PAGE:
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u e Multi-Controller Multi-Estimator Monitor Dwell Time Switching Logic 2 £ 2 matrices

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u e Multi-Controller Monitor Dwell Time Switching Logic A - bf = stable 2 £ 2 matrices

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u e Multi-Controller Monitor Dwell Time Switching Logic A + kc = stable 2 £ 2 matrices

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u e Monitor Dwell Time Switching Logic A + kc = stable compact set of 2 £ 2 nonsingular matrices

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u e Monitor Dwell Time Switching Logic Monitor W compact set of 2 £ 2 nonsingular matrices

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u e Dwell Time Switching Logic W compact set of 2 £ 2 nonsingular matrices Pth output estimation error exponentially weighted 2 –norm: Dwell Time Switching Logic {quadratic in entries of P}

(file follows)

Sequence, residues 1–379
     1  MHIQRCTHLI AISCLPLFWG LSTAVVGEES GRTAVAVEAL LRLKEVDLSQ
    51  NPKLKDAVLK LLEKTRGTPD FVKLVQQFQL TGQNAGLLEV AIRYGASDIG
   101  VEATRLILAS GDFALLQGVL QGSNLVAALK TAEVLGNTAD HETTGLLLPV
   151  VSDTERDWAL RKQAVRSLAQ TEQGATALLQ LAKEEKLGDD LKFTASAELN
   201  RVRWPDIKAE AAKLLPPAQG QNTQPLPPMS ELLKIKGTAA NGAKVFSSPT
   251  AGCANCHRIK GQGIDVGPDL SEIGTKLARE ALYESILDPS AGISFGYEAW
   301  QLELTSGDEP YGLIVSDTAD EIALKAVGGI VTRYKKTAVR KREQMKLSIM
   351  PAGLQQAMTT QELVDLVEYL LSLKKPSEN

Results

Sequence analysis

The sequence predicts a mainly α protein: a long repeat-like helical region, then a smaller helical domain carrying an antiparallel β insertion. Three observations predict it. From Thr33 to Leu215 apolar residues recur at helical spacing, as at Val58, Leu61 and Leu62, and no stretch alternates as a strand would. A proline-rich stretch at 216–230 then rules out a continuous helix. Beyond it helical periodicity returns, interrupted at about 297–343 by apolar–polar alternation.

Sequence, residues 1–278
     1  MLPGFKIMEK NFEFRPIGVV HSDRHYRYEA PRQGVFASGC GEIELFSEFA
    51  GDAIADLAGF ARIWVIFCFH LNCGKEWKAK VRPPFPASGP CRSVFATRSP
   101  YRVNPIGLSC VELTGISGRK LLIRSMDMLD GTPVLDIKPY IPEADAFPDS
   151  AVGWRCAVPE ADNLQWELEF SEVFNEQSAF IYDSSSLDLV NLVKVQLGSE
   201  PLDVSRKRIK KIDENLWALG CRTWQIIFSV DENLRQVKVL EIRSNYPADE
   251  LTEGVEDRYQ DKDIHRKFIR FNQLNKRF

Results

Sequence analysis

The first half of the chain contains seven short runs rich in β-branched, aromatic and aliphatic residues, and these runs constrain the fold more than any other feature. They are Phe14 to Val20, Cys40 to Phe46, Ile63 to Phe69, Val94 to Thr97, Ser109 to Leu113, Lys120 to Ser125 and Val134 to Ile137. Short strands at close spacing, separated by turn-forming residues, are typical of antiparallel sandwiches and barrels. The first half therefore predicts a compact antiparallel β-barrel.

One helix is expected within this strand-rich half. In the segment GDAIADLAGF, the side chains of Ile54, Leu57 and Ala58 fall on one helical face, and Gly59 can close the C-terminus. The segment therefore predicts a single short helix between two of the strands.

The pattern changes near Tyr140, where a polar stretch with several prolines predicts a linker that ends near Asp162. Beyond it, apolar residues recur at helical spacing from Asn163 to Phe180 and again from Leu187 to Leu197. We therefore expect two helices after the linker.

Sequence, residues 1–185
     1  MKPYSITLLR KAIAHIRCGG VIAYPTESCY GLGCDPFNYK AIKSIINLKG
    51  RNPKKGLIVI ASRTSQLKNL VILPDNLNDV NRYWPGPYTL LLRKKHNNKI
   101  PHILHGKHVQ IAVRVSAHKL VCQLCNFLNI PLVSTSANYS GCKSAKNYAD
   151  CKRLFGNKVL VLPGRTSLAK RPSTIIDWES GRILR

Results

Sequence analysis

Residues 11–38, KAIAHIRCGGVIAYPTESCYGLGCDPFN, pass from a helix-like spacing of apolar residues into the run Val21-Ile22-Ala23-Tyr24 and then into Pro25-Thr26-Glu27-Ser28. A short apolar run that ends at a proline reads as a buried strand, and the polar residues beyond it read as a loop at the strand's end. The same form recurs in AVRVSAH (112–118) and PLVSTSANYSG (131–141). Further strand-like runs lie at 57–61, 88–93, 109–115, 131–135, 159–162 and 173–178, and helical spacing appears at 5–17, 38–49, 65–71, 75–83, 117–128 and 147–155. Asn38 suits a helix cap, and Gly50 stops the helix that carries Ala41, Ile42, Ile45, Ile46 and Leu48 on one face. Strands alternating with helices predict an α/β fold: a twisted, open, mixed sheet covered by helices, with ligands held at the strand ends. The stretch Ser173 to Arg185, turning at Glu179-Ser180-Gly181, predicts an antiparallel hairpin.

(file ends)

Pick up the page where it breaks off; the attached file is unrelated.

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M(Q,P * ) < M(Q,G) Æ n y y y n n = D = D - C Sample Q = W and minimize M(Q,P) = D - C = 0 P * is the value of P which minimizes M(Q,P) over G Initialize G Æ dwell time computation time G = P * Æ

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ANALYTICAL PROPERTIES

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u e Dwell Time Switching Logic W If no sensor or alignment errors, then e and the position error x 0 – x * tend to zero exponentially fast. 0 ANALYTICAL PROPERTIES